Some companies shrinking options as ‘Cadillac tax’ looms

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Some of the nation’s largest companies are already taking steps to avoid ObamaCare’s “Cadillac tax,” according to a business survey released Wednesday.  

About 12 percent of companies said they have taken steps to avoid being hit by the much-maligned tax on high-priced health insurance plans, which goes into effect in 2020.

{mosads}Employers say they have either shifted more costs to workers, dropped their pricier options or picked plans with fewer providers, according to the annual employer benefits survey by the Kaiser Family Foundation and the Health Research & Educational Trust.

Many large employers — about two-thirds — say they have done an analysis to see whether their healthcare plans would be subject to the 40 percent tax on health benefits.

This year’s polling shows that companies are already bracing for the Cadillac tax, which was originally slated to go into effect in 2018.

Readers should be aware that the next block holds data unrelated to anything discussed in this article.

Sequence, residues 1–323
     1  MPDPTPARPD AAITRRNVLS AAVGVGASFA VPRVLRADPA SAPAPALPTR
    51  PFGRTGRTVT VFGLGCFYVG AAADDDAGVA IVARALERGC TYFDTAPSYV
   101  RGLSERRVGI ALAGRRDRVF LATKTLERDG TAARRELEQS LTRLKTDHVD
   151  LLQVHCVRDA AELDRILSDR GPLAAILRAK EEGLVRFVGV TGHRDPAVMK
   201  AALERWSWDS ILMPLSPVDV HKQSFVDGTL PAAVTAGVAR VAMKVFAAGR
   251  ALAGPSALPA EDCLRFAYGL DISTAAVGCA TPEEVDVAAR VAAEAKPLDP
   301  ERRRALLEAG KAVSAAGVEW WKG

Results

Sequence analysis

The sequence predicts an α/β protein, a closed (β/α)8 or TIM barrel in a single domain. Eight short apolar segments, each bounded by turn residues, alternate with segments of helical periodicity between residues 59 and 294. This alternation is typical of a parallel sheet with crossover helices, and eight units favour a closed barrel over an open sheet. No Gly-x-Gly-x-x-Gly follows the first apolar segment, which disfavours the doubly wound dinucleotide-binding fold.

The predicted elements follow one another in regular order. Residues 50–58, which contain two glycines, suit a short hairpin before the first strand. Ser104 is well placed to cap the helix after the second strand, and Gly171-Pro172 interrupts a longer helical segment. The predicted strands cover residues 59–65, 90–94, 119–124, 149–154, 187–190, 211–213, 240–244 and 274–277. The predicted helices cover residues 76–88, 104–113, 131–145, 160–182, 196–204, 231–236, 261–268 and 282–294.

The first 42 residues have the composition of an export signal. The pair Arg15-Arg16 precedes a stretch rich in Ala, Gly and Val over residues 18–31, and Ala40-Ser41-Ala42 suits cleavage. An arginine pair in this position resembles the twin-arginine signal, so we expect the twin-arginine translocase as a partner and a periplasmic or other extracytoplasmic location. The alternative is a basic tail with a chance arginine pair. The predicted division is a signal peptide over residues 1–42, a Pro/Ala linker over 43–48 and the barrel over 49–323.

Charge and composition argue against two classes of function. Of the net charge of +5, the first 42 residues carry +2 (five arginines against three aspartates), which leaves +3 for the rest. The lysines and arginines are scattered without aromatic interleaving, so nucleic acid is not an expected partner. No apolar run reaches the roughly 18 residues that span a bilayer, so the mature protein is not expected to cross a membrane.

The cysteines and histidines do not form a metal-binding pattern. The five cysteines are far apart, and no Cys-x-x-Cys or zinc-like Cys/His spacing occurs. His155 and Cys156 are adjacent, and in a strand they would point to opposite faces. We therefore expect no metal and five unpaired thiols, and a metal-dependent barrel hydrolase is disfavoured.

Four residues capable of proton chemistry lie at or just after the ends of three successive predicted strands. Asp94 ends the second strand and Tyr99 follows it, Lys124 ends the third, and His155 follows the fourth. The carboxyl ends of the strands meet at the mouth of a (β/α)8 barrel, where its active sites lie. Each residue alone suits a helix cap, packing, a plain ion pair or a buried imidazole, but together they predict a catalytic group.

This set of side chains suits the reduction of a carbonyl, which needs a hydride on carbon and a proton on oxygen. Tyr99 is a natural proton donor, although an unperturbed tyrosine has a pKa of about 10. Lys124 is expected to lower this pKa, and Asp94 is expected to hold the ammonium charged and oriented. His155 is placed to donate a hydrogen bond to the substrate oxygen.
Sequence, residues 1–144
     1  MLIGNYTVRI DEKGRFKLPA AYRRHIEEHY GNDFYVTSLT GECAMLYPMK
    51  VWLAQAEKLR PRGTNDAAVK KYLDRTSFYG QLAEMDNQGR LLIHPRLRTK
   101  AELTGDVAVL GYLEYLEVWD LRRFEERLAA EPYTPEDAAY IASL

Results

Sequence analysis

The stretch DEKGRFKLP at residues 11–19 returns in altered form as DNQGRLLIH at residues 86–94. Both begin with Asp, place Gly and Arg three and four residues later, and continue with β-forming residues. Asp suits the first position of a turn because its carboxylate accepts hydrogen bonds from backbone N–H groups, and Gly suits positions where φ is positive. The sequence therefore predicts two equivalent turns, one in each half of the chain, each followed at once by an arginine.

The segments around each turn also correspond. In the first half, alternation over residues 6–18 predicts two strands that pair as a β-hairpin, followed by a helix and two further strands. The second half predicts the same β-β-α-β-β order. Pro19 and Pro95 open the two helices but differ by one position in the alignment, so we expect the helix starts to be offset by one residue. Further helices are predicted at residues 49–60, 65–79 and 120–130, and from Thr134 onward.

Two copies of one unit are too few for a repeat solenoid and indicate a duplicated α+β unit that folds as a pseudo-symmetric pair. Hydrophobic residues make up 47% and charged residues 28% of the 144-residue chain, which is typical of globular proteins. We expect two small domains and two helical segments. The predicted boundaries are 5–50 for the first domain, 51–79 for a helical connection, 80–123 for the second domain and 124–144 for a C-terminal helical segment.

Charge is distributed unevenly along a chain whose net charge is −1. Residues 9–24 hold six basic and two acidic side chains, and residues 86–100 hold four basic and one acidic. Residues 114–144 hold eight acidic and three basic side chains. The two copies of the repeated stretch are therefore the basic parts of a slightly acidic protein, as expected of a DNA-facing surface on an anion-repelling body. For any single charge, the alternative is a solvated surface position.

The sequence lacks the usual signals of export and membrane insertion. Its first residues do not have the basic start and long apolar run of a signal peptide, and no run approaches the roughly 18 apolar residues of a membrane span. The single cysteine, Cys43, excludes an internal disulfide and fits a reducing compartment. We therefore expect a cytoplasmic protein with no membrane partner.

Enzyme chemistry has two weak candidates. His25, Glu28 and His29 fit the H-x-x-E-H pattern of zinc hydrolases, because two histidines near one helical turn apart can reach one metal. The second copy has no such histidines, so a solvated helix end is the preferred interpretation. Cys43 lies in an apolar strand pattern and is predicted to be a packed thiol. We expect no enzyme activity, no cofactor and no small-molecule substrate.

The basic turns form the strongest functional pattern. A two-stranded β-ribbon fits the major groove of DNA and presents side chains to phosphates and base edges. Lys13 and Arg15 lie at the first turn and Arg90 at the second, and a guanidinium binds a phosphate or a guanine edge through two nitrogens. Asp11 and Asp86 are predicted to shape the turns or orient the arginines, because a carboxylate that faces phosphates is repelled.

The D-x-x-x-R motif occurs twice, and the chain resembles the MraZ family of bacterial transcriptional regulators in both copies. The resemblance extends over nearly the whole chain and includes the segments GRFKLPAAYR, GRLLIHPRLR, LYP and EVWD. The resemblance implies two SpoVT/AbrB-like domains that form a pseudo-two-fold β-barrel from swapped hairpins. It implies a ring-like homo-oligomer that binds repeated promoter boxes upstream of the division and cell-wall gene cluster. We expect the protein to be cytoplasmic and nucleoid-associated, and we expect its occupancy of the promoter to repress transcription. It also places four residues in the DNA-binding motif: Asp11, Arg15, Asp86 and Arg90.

Under strong pressure from union groups, Democrats in Congress agreed to delay the unpopular provision last fall.

The delay was part of a bargain President Obama signed last year that also paused the similarly despised tax on medical devices and a separate tax on insurers.

The Cadillac tax, the first of its kind, applies to the nation’s most generous health plans. It applies to employee health benefits, as well as employer contributions to health saving accounts.

The survey delivered good news for employer-sponsored health plans, however, which Kaiser Family Foundation CEO Drew Altman called the “single-largest part of the health insurance system.”

Healthcare costs for that market, which includes about 150 million people, continued to see a “significant slowdown” over the last 15 years, according to the report.  

The price of premiums for a single person averaged about $6,435 per year, about a 3 percent increase from last year. 

Altman also sought to correct the record about what he called a “supercharged” debate over ObamaCare.

“It’s clearly not driven up employer health costs,” Altman told reporters. “And there’s no evidence of employers shifting workers to part-time status because of the law.

Tags 111th United States Congress Cadillac insurance plan Internal Revenue Code Internal Revenue Service Patient Protection and Affordable Care Act
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